Most studies investigating models and algorithms for distributed constraint optimization problems (DCOPs) assume that messages arrive instantaneously and are never lost. Specifically, distributed local search DCOP algorithms, have been designed as synchronous algorithms (i.e., they perform in synchronous iterations in which each agent exchanges messages with all its neighbors), despite running in asynchronous environments. This is true also for an anytime mechanism that reports the best solution explored during the run of synchronous distributed local search algorithms. Thus, when the assumption of perfect communication is relaxed, the properties that were established for the state-of-the-art local search algorithms and the anytime mechanism may not necessarily apply.
In this work, we address this limitation by: (1) Proposing a Communication-Aware DCOP model (CA-DCOP) that can represent scenarios with different communication disturbances; (2) Investigating the performance of existing local search DCOP algorithms, specifically Distributed Stochastic Algorithm (DSA) and Maximum Gain Messages (MGM), in the presence of message latency and message loss; (3) Proposing a latency-aware monotonic distributed local search DCOP algorithm; and (4) Proposing an asynchronous anytime framework for reporting the best solution explored by non-monotonic asynchronous local search DCOP algorithms. Our empirical results demonstrate that imperfect communication has a positive effect on distributed local search algorithms due to increased exploration. Furthermore, the asynchronous anytime framework we proposed allows one to benefit from algorithms with inherent explorative heuristics.

The Distributed Constraint Optimization Problem (DCOP) formulation is a powerful tool for modeling multi-agent coordination problems. To solve DCOPs in a dynamic environment, Dynamic DCOPs (D-DCOPs) have been proposed to model the inherent dynamism present in many coordination problems. D-DCOPs solve a sequence of static problems by reacting to changes in the environment as the agents observe them. Such reactive approaches ignore knowledge about future changes of the problem. To overcome this limitation, we introduce Proactive Dynamic DCOPs (PD-DCOPs), a novel formalism to model D-DCOPs in the presence of exogenous uncertainty. In contrast to reactive approaches, PD-DCOPs are able to explicitly model possible changes of the problem and take such information into account when solving the dynamically changing problem in a proactive manner. The additional expressivity of this formalism allows it to model a wider variety of distributed optimization problems. Our work presents both theoretical and practical contributions that advance current dynamic DCOP models: (i) We introduce Proactive Dynamic DCOPs (PD-DCOPs), which explicitly model how the DCOP will change over time; (ii) We develop exact and heuristic algorithms to solve PD-DCOPs in a proactive manner; (iii) We provide theoretical results about the complexity of this new class of DCOPs; and (iv) We empirically evaluate both proactive and reactive algorithms to determine the trade-offs between the two classes. The final contribution is important as our results are the first that identify the characteristics of the problems that the two classes of algorithms excel in.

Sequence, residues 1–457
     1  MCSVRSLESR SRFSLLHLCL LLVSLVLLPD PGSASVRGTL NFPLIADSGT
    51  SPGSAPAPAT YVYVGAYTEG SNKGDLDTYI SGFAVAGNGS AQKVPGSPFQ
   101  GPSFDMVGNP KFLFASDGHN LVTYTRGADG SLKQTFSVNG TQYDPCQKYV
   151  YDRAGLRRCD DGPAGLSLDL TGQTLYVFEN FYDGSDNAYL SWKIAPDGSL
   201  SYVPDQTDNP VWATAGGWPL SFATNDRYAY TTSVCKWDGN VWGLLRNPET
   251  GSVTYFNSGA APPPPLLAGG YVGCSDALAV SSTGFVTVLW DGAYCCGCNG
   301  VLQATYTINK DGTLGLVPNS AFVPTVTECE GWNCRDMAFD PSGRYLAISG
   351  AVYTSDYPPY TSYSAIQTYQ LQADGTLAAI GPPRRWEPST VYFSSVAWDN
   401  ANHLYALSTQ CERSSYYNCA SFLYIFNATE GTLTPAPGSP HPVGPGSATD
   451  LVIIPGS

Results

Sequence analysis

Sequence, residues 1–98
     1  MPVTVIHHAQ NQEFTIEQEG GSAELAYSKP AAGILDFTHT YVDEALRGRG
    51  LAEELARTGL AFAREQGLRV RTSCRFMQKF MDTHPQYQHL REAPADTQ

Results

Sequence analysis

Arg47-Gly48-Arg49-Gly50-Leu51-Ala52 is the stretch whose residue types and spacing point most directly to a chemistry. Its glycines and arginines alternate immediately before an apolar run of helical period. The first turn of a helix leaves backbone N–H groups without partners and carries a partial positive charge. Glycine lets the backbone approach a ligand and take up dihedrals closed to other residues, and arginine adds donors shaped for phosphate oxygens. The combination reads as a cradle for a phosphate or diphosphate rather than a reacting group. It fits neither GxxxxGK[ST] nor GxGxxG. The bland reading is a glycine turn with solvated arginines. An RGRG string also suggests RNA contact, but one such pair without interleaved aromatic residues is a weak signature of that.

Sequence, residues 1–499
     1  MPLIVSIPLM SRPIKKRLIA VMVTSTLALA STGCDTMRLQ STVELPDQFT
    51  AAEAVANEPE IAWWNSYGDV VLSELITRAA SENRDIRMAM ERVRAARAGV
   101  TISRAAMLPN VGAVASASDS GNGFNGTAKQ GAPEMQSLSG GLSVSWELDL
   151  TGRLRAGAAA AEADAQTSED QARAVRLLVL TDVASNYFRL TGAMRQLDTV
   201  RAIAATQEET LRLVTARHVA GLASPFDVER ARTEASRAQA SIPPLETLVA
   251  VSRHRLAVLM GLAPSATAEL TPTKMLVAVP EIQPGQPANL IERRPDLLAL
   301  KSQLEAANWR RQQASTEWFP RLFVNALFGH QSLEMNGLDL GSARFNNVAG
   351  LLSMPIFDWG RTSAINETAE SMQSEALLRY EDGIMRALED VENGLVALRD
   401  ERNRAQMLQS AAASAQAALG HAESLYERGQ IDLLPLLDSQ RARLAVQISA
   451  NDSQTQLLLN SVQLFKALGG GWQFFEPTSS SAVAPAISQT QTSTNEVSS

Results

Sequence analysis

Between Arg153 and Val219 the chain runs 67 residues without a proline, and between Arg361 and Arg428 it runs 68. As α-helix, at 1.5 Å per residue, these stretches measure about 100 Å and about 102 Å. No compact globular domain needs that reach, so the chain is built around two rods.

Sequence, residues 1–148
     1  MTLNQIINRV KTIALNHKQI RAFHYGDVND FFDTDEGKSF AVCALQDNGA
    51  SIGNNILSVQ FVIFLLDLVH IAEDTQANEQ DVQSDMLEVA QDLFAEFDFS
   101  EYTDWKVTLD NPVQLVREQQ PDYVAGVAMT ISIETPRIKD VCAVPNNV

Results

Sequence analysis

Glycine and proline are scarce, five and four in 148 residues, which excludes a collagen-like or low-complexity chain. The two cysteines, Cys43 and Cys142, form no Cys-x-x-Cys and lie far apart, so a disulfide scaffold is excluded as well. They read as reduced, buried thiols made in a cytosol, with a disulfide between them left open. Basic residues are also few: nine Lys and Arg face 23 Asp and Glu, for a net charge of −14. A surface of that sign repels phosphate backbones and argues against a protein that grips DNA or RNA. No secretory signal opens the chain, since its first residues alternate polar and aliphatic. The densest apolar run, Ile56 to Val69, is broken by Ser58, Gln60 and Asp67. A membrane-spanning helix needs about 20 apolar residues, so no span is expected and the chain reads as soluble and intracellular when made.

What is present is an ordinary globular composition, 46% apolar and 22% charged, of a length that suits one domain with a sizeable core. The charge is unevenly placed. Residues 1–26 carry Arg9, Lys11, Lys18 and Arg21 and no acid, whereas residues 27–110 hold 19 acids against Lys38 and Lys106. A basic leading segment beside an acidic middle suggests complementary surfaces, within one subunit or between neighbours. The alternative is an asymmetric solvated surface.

JAIR

A Logic-Based Explanation Generation Framework for Classical and Hybrid Planning Problems

Stylianos Loukas Vasileiou, William Yeoh, Tran Cao Son, and